Lomitapide

Lomitapide (INN, marketed as Juxtapid in the US and as Lojuxta in the EU) is a drug used as a lipid-lowering agent for the treatment of familial hypercholesterolemia, developed by Aegerion Pharmaceuticals.[1] It has been tested in clinical trials as single treatment and in combinations with atorvastatin, ezetimibe and fenofibrate.[2][3]

Lomitapide
Lomitapide skeletal.svg
Clinical data
Trade namesJuxtapid (US), Lojuxta (EU)
Other namesAEGR-773, BMS-201038
License data
Pregnancy
category
  • US: X (Contraindicated)
Routes of
administration
Oral (capsules)
ATC code
Legal status
Legal status
Identifiers
CAS Number
PubChem CID
IUPHAR/BPS
ChemSpider
UNII
KEGG
ChEBI
CompTox Dashboard (EPA)
Chemical and physical data
FormulaC39H37F6N3O2
Molar mass693.734 g·mol−1
3D model (JSmol)
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The US Food and Drug Administration (FDA) approved lomitapide on 21 December 2012, as an orphan drug to reduce LDL cholesterol, total cholesterol, apolipoprotein B, and non-high-density lipoprotein (non-HDL) cholesterol in patients with homozygous familial hypercholesterolemia (HoFH).[4]

On 31 May 2013 the European Committee for Medicinal Products for Human Use (CHMP) adopted a positive opinion with a unanimous vote recommending a marketing authorization for lomitapide.[5] On 31 July 2013 the European Commission approved lomitapide as an adjunct to a low-fat diet and other lipid-lowering medicinal products with or without low density lipoprotein (LDL) apheresis in adult patients with HoFH.

Mechanism of actionEdit

Lomitapide inhibits the microsomal triglyceride transfer protein (MTP or MTTP) which is necessary for very low-density lipoprotein (VLDL) assembly and secretion in the liver.[1][6]

On 24 December 2012, drug manufacturer Aegerion announced they had been approved by the FDA to as "an adjunct to a low-fat diet and other lipid-lowering treatments...in patients with homozygous familial hypercholesterolemia (HoFH)."[7][8]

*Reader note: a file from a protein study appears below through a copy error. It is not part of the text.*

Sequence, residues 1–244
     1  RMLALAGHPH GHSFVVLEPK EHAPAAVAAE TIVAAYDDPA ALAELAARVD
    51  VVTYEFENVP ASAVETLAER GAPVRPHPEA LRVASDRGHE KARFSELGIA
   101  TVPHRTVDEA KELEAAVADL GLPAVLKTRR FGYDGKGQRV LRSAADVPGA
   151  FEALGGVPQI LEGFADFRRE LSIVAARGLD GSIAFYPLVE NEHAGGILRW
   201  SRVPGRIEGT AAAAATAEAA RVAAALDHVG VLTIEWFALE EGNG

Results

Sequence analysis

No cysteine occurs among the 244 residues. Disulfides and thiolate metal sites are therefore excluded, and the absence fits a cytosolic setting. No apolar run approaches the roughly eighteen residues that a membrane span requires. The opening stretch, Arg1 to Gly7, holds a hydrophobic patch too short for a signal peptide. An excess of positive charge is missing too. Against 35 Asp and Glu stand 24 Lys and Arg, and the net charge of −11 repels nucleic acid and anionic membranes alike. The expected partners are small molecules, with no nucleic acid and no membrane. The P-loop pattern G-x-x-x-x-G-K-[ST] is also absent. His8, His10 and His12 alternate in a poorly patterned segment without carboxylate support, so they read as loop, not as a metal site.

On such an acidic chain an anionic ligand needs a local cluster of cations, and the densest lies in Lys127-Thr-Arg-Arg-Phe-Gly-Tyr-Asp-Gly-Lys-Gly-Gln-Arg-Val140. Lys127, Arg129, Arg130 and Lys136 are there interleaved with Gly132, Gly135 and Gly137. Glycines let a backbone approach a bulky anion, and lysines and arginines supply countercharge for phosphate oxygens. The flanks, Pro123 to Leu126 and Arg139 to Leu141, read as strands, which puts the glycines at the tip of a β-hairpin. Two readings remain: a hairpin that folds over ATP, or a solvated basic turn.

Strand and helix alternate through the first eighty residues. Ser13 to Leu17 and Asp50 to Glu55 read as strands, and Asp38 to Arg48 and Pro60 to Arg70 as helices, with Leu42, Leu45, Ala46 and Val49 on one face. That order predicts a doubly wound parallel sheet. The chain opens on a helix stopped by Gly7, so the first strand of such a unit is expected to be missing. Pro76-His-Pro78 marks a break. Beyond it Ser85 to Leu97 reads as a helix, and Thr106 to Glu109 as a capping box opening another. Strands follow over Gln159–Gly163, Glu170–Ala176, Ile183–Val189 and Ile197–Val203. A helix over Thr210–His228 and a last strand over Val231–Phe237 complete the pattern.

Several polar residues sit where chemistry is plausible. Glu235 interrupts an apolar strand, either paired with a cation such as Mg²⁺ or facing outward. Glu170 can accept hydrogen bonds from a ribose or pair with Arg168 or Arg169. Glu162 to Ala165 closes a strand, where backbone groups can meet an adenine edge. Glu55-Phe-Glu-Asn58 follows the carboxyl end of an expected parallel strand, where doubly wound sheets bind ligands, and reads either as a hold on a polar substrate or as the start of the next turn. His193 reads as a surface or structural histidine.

Side effectsEdit

In a Phase III study, lomitapide led to elevated aminotransferase levels and fat accumulation in the liver.[6]

ReferencesEdit

  1. ^ a b H. Spreitzer (12 March 2007). "Neue Wirkstoffe – BMS-201038". Österreichische Apothekerzeitung (in German) (6/2007): 268.
  2. ^ Horwich TB, Fonarow GC (July 2008). "Measures of obesity and outcomes after myocardial infarction". Circulation. 118 (5): 469–71. doi:10.1161/CIRCULATIONAHA.108.792689. PMID 18663098.
  3. ^ "Aegerion Pharmaceuticals, Inc. Announces AEGR-733 Phase II Data Demonstrates Significant Lowering of LDL Cholesterol with Promising Hepatic Safety Profile". Business Wire. 9 November 2008. Archived from the original on 2012-02-29.
  4. ^ "FDA approves new orphan drug for rare cholesterol disorder". U.S. Food and Drug Administration. Archived from the original on 28 January 2013.
  5. ^ "Lojuxta". European Medicines Agency.
  6. ^ a b Cuchel M, Bloedon LT, Szapary PO, Kolansky DM, Wolfe ML, Sarkis A, et al. (January 2007). "Inhibition of microsomal triglyceride transfer protein in familial hypercholesterolemia". The New England Journal of Medicine. 356 (2): 148–56. doi:10.1056/NEJMoa061189. PMID 17215532.
  7. ^ "FDA Approves Juxtapid for Homozygous Familial Hypercholesteolemia". 26 December 2012. Archived from the original on 29 December 2012. Retrieved 1 January 2013.
  8. ^ "FDA Approves Aegerion Pharmaceuticals' Juxtapid (lomitapide) Capsules for Homozygous Familial Hypercholesterolemia (HoFH)" (Press release). Aegerion Pharmaceuticals. 24 December 2012. Archived from the original on 22 September 2016. Retrieved 1 January 2013.

External linksEdit